January 8, 2009 |
A hushed throng of artists, arts patrons and civic leaders joined friends and family of the late sculptor Robert Graham at a funeral Mass on Wednesday morning at the Cathedral of Our Lady of the Angels. Filing through the cathedral's "Great Bronze Doors," which Graham considered his greatest public commission, the crowd came to mourn the loss and celebrate the life of a creative force who died at 70 on Dec. 27 after a long illness. Los Angeles' leading public artist, Graham is probably best known for sculptural monuments in prominent locations across the country, including tributes to Franklin D. Roosevelt in Washington, Joe Louis in Detroit, Duke Ellington in New York and Charlie "Bird" Parker in Kansas City, Mo. But his most enduring subject was the female nude, which he explored in hundreds of works, large and small, throughout his long career.
CALIFORNIA | LOCAL
January 7, 2009
Funeral services for sculptor Robert Graham will be held at 9:30 a.m. today at the Cathedral of Our Lady of the Angels, 555 W. Temple St., Los Angeles. Cardinal Roger M. Mahony will preside at the Mass. Graham's family suggests that contributions in memory of the artist, who died on Dec. 27 at 70, may be sent to Homeboy Industries, Development Department, 130 W. Bruno St., Los Angeles, CA 90012.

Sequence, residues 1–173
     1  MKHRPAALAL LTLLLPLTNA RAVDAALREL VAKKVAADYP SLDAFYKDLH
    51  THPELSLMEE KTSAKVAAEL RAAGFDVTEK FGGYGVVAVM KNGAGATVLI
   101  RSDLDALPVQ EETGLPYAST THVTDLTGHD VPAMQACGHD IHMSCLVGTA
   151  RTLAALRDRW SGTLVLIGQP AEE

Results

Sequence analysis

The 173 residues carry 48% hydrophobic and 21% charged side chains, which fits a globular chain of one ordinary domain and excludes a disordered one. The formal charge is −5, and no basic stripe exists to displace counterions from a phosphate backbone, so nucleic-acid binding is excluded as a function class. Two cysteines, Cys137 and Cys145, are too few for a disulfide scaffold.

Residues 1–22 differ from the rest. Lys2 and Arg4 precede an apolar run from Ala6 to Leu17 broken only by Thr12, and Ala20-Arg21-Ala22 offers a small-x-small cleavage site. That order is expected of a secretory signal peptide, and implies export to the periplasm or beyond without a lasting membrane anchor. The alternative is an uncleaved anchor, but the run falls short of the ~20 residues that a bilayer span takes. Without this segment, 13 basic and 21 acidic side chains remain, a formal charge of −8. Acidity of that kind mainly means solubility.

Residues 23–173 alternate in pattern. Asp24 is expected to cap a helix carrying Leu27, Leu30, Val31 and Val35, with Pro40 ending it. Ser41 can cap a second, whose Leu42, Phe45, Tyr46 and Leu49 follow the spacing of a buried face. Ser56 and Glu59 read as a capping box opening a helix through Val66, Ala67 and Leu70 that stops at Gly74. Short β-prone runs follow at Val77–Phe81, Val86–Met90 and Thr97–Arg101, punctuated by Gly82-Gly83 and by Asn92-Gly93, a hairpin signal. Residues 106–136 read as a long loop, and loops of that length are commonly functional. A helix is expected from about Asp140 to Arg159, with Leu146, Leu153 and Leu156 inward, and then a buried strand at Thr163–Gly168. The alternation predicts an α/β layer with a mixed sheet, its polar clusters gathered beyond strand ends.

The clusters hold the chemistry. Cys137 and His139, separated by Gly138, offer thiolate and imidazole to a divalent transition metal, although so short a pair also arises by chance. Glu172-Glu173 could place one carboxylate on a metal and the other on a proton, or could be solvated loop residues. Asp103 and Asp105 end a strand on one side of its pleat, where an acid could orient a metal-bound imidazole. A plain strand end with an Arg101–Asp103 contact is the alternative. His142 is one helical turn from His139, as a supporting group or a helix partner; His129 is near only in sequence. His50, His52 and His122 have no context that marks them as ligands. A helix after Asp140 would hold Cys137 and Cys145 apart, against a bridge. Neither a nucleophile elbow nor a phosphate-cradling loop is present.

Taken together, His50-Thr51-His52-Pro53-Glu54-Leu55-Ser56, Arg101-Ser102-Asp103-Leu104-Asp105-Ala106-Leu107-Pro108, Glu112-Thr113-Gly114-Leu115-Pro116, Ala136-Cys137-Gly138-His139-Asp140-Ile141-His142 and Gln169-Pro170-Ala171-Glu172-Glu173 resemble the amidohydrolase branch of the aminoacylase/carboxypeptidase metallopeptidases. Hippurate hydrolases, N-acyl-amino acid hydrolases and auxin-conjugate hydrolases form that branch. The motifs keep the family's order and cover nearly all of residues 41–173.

January 3, 2009 |
Though every artist's death diminishes us, Robert Graham's loss impoverishes Los Angeles in a deep and particular way. Graham, who died last Saturday at the age of 70 after a serious illness, was not simply the city's premier public artist, he was a sculptor whose works reflected the subtle spirit of Los Angeles itself.
December 31, 2008
Graham obituary: The obituary of Los Angeles sculptor Robert Graham in Sunday's Section A referred to his largest and most prominent public work in the city, the entryway to the Cathedral of Our Lady of the Angels, as being "topped by an angel." The cathedral doors are topped by a statue of Our Lady of the Angels, the cathedral's namesake. The obituary also said that Graham designed a set of free-standing bronze doors for the Music Center. In fact, the work is one door titled "Dance Door," commissioned by the late art collector Frederick Weisman for installation at his Beverly Hills home.
CALIFORNIA | LOCAL
October 13, 2008 |
After he sank into depression in the early 1980s and lost his job at the old Ambassador Hotel, his sisters got him to see a therapist. But it didn't work. In desperation, they tried to get him committed, but he skipped out. And so John Robert McGraham's sisters settled into a pattern: visiting their brother on the streets of Mid-Wilshire whenever they could. They brought him food, money and clothing. They brought their children to see their "Uncle Johnny."
January 16, 2008 |
Over the last 35 years or so, Robert Graham has made a name for himself sculpting super-realistic bronze nudes.